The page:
Q: My father’s mental faculties are declining, and he is making bad decisions and having difficulty caring for himself. What are my options if he is refuses help?
A: If your father can’t manage his affairs and has not signed or refuses to sign a power of attorney, guardianship may be the only option. An appointed guardian would have the duty and legal authority to take care of your father and/or his property. Conversely, your father would lose certain important rights, such as making healthcare or financial decisions.
Guardianship is appropriate only where the party over whom guardianship is sought (referred to as the proposed ward) is incapacitated. “Incapacity” is determined based on whether the proposed ward can sufficiently manage his or her affairs — not on a medical diagnosis, though this may be important evidence. The Court will presume that the proposed ward has capacity, and the petitioning party will need to prove otherwise beyond a reasonable doubt (the same heavy burden the State must meet in criminal cases). Specifically, the petitioner must prove that the proposed ward has suffered (or is likely to suffer) substantial harm due to an inability to provide for his or her personal needs such as food, clothing, shelter, health care, or safety. For example, a person may be incapacitated where he or she is easily confused or disoriented, and has been financially exploited.
There are three types of guardianships. The first, guardianship “of the person,” tasks the guardian with managing the ward’s personal affairs. The second, guardianship “of the estate,” requires that the guardian manages the ward’s finances and property. The third, “plenary” or “total” guardianship, requires management of the ward’s personal affairs, finances, and property. The most appropriate form of guardianship will vary, depending upon the facts of a given case. For example, a person may be able to care for his or her personal needs, but not manage his or her finances. In that circumstance, a guardianship of the estate may be most appropriate.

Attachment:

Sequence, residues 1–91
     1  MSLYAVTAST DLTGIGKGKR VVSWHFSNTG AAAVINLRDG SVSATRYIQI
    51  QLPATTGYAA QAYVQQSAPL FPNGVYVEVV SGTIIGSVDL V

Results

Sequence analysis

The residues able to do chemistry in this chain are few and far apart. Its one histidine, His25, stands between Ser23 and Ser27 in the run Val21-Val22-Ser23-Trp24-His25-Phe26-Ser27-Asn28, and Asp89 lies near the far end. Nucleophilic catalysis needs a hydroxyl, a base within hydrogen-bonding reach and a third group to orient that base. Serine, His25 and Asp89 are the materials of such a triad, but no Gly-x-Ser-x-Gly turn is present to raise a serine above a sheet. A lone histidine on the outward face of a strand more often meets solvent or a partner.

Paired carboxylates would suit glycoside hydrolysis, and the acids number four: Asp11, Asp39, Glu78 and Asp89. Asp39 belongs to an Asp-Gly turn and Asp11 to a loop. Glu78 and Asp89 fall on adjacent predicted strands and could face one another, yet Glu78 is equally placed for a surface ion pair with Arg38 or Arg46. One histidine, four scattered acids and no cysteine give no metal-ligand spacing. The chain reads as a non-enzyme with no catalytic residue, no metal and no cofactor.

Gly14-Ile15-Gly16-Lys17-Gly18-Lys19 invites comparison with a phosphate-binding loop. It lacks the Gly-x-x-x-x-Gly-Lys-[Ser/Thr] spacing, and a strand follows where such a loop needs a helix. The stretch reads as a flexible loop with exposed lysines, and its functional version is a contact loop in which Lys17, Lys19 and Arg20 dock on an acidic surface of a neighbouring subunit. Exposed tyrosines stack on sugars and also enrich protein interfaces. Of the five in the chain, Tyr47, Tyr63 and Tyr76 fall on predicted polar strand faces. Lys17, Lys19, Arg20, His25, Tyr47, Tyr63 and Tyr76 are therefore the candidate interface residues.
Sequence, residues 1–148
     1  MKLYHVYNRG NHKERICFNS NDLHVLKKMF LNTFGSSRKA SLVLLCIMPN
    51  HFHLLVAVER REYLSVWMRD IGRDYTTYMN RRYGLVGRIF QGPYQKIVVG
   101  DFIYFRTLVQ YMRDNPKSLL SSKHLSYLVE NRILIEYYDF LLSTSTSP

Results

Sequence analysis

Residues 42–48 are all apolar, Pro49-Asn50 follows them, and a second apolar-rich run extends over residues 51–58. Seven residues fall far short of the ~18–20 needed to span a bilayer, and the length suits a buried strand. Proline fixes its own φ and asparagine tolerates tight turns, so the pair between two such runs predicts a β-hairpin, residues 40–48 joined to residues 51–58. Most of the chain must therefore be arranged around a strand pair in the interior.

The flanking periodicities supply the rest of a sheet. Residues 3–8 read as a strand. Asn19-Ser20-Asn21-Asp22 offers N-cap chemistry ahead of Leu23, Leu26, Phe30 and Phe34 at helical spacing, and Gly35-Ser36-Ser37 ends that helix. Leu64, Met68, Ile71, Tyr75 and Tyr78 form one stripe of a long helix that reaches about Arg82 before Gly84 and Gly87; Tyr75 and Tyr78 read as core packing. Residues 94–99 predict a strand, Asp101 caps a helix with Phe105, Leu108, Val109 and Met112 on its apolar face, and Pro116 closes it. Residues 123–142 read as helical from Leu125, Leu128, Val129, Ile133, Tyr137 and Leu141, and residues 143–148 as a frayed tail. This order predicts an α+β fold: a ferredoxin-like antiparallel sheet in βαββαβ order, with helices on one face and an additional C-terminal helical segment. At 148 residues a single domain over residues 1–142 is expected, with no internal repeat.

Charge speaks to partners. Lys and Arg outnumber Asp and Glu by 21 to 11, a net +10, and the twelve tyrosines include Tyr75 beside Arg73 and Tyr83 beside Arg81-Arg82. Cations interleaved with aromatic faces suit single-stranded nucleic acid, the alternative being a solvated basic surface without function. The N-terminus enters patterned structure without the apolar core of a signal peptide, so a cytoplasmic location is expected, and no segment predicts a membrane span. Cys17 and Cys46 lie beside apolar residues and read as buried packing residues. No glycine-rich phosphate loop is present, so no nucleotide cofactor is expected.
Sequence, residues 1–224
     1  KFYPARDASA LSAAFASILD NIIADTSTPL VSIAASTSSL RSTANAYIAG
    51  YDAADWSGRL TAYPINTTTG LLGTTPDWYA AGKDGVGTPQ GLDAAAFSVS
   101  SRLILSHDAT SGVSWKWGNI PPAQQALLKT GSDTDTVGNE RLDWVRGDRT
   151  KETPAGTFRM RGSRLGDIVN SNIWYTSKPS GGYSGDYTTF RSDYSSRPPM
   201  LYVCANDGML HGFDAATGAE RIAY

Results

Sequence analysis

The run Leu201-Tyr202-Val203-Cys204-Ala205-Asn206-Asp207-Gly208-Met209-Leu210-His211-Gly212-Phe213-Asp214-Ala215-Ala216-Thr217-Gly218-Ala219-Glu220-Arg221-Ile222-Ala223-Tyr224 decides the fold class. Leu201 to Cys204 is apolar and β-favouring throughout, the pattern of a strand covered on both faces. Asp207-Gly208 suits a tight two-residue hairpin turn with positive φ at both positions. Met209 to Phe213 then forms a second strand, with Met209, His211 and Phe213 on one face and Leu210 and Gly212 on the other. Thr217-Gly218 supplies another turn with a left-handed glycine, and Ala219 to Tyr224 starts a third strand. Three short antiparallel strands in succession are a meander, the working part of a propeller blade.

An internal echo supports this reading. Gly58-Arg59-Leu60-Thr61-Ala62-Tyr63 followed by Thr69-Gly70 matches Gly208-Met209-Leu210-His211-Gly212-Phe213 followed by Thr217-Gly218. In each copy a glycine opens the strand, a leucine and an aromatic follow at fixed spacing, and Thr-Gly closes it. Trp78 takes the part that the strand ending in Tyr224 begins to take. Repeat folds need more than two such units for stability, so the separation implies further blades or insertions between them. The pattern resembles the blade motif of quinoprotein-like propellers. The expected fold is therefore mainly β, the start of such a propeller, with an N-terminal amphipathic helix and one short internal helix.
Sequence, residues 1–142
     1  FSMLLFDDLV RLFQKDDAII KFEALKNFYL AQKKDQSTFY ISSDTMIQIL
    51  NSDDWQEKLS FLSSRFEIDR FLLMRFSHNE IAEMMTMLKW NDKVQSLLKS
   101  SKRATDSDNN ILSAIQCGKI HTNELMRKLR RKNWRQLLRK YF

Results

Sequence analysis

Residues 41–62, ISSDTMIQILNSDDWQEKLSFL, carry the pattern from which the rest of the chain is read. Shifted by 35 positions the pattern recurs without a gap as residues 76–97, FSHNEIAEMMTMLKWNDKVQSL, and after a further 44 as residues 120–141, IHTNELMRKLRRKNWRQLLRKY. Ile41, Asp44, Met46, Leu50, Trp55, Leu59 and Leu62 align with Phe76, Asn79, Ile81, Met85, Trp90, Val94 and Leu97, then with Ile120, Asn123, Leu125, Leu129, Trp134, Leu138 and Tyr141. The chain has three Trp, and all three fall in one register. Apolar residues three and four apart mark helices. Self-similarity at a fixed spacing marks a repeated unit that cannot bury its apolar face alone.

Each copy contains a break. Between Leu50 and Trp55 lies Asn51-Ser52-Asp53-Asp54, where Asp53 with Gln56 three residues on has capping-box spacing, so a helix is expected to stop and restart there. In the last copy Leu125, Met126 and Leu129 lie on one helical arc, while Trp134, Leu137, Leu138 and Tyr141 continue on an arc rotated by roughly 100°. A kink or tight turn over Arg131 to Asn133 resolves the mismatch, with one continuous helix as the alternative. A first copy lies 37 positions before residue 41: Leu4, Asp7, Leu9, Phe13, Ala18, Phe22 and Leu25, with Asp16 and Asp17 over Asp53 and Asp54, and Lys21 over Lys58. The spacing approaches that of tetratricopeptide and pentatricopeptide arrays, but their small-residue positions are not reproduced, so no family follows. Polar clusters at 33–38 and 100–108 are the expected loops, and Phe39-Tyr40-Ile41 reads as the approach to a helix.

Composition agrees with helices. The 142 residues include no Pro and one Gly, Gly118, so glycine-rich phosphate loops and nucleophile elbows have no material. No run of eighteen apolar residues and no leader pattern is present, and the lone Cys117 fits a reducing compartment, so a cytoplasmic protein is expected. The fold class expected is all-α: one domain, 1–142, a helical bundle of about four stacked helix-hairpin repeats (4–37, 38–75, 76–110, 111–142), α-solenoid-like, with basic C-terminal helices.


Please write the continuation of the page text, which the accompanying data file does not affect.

Guardianship proceedings should not be initiated lightly. Often, the proposed ward finds the action threatening and reacts badly, or there is damage to the ward’s relationship with the petitioner. The ward may make reactive decisions, such as disinheriting the petitioner. Taking action could also push the proposed ward towards an exploiter, resulting in further harm. Ultimately, each case is different and careful thought should be given to whether guardianship is in the proposed ward’s best interest. Before seeking guardianship, you should carefully review relevant statutes. It may also be prudent to consult an attorney for further guidance.
Know the Law is a bi-weekly column sponsored by McLane Middleton, Professional Association. Questions and ideas for future columns should be emailed to [email protected]. Know the Law provides general legal information, not legal advice. We recommend that you consult a lawyer for guidance specific to your particular situation.